Lin-Manuel Miranda and Karen Olivo photos by Joan
Once upon a time in New York, a talented composer who
wanted to use music to tell stories had a fair chance of making it happen.
Once, because stable neighborhoods are healthy neighborhoods, rents were
regulated to discourage speculators. Once, on the principle that new ideas need
old buildings, Soho was rezoned as an artists' enclave.
It was lovely while it lasted.
Jonathan Larson, born in 1960, arrived just in time to
see it all crumble. The golden age of the American musical ended in 1980 with
the shocking death of Gower Champion, followed a year later by the collapse of
the seemingly invincible partnership of Stephen Sondheim and Harold Prince. By
the time 1990 rolled around, the aspiring composer's path that would begin with
writing specialty material for basement revues, and end with your name in
lights on the Great White Way, had been dynamited, bulldozed, and buried under
acres of fifty-story luxury condominiums, financed with money looted from the
Savings and Loan Associations.
Thus it was that in 1990 Larson, on the cusp of thirty,
felt himself becalmed. The small theaters, proving grounds for finding your
voice, were disappearing along with the affordable housing, and more and more an
artist's only choices were Broadway or the highway. Larson, with few prospects
after years of waiting tables at the Moondance Diner, watched friends giving up
on their artistic aspirations and wondered if he was wasting his time.
But he didn't give up; he made his crisis into art, a
one-man rock song cycle called Boho Days. Opening at Second Stage in
1990, he revised it for further runs at the Village Gate and New York Theater
Workshop, eventually retitling it Tick, Tick...Boom! While he revised,
he worked on what would become his masterpiece, Rent, which opened in
1996 and has likely been playing somewhere on Earth ever since.
Tragically, Larson died just before Rent went
into previews. One effect of its great success was to create interest in
salvaging his earlier work. So Tick, Tick...Boom! was refashioned by
playwright David Auburn (best known for Proof) into a three-person show,
opening Off-Broadway in June 2001 with Raul Esparza in the lead. Reviews were
good, but times were bad, and the show shuttered in January 2002.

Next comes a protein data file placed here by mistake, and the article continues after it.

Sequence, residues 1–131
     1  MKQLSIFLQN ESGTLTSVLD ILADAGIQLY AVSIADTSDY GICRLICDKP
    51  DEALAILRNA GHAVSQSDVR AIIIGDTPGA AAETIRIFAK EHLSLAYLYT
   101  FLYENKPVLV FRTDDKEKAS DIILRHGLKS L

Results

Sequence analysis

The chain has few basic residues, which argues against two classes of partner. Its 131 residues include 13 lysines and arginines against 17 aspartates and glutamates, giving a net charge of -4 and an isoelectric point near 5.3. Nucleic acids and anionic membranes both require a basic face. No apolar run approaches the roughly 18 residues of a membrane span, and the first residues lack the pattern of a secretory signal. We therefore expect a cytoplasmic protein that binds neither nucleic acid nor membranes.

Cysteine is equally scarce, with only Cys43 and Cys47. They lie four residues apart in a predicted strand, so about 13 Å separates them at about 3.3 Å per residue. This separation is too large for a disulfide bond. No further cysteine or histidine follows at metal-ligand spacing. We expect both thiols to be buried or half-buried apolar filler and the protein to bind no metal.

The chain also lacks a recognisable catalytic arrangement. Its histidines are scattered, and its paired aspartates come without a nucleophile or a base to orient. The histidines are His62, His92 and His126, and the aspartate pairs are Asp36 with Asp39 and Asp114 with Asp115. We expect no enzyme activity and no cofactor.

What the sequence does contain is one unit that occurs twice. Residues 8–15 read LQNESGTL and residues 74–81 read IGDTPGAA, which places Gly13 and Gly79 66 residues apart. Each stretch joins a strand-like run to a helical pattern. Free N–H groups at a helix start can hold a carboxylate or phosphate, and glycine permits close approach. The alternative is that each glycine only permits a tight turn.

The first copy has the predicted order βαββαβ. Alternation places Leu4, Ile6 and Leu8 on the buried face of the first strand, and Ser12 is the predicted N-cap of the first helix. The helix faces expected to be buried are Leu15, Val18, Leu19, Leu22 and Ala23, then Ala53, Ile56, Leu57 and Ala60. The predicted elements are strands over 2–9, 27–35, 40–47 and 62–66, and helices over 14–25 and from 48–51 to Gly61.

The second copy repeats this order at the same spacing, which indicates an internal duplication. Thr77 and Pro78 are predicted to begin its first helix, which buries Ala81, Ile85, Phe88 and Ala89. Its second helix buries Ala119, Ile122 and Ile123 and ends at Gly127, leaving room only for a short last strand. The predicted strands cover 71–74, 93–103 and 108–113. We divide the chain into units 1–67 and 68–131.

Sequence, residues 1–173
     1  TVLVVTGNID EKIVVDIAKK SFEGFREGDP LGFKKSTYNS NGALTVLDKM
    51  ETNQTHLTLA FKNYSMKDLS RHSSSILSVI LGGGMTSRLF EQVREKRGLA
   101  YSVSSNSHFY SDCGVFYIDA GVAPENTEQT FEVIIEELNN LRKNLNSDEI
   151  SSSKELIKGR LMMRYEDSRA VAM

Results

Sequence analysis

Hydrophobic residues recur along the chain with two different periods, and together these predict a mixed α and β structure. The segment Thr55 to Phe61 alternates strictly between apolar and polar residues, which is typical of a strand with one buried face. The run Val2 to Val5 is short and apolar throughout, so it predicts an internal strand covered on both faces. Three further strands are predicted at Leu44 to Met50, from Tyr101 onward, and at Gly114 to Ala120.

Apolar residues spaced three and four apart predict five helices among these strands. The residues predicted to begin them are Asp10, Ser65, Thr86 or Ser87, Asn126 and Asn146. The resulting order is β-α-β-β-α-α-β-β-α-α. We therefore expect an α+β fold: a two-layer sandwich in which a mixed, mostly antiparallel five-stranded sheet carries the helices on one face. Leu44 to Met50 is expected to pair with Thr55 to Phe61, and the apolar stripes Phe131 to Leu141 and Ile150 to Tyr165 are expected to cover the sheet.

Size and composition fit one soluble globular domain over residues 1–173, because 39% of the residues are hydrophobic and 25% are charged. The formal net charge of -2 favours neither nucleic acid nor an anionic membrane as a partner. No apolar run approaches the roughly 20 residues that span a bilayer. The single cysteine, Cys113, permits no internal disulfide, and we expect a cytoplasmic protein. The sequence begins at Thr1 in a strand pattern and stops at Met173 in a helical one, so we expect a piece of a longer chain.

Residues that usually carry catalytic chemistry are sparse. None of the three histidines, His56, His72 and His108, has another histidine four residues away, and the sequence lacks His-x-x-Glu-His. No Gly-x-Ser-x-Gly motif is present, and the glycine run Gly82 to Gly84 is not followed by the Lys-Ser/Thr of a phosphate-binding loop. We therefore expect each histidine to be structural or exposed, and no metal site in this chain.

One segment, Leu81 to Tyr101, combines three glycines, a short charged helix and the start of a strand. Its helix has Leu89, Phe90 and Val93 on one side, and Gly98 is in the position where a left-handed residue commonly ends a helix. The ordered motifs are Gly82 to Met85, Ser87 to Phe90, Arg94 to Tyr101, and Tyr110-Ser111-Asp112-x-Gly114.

Encores! has made a great choice here, because it's wonderful
to see the themes of Rent in embryo and there's no place in town where the
show could have a commercial run these days. Jon (Lin-Manuel Miranda) is a few
days shy of his thirtieth birthday. He feels like he's going nowhere and it's
only a matter of time before he gives up. ("Giving up" is the
"Boom!" of the title.) His girlfriend Susan (Karen Olivo) is a
frustrated dancer, and pressures him to move to Cape Cod, or maybe Northampton. His best friend Michael (Leslie Odom Jr) is an actor turned corporate drone,
and he wants Jon to take a job at his ad agency.
Jon's job at the diner is numbing, his relationship
with Susan is deteriorating, his guest appearance at a corporate brainstorming
session is a disaster, but does have a one-time workshop of a piece coming up (Larson's
own Superbia). He flirts with an actress from the cast, Karessa (also
Olivo), who sings a knockout number in the workshop. Alas, nobody wants to take
the show forward, but there is an unexpected and perfectly set up happy ending,
which we won't give away.
That ending is deeply moving, and there are enough
excellent moments along the way to keep our attention, but it needs to be said
that this is no masterpiece. There's a fair amount of self-pity in the first
twenty minutes or so, and none of the songs have both great words and great
music. The high-energy rock which Jon talks about bringing to musical theater
(and which Larson found for Rent) doesn't show up until the fifth song
("No More"), which is mostly about wanting a nice apartment.
"Sunday" is an amazing and brilliant parody of the lyrics to the Act
1 finale of Sunday in the Park with George, but Larson doesn't know what
to do about the music and so merely and awkwardly simplifies it. "Come to
Your Senses," sung by Karessa, is a terrific belting showstopper, but runs
out of things to say long before the song is over. Both "Sugar" and
"Therapy" are one-joke comic numbers, though the music to "Therapy"
builds to a nice finish.
Then there's the problem of the women. Susan seems cold
and angry, even envious of Jon's aspirations, so we don't care if she leaves him.
The actress he flirts with--"Karessa Johnson," get the pun?--is
hardly a character at all, even though she gets the 11 o'clock number. These
shortcomings are probably artifacts of the adaptation process, but still.
JOAN MARCUS From left, Leslie Odom Jr., Lin-Manuel Miranda, and Karen Olivo in
“Tick, Tick ... Boom!”
Encores! enables dream casting, and here delivers:
Miranda, Olivo, and Odom are all ideal. Odom has a fine voice, and Olivo's
great talent is well-known. Miranda and Olivo's real-life friendship (they were
co-stars in In the Heights) worked to advantage here. As a composer
himself, Miranda has lived many of Jon's (and Larson's) experiences, and in the
scene before the workshop the boundary between actor and character simply
Unfortunately Miranda has some vocal problems. He was
not in good voice on Thursday, often distressingly flat. He improved in later
performances, but this style of music needs him to open the back of his throat
(what singers call "raising the soft palate"). Without that,
sustained tones sound restricted, lyrics are harder to understand, and the
singing generally less expressive.
The staging was excellent. Oliver Butler's direction
and Donyale Werle's set were subtle and sophisticated, yet gave the illusion of
complete simplicity. The band at Encores! is often (perhaps always) the main
attraction, and music director Chris Fenwick did not disappoint.
by City Center Encores!
55th St, Manhattan
Running time: One hour and 30 minutes, no intermission.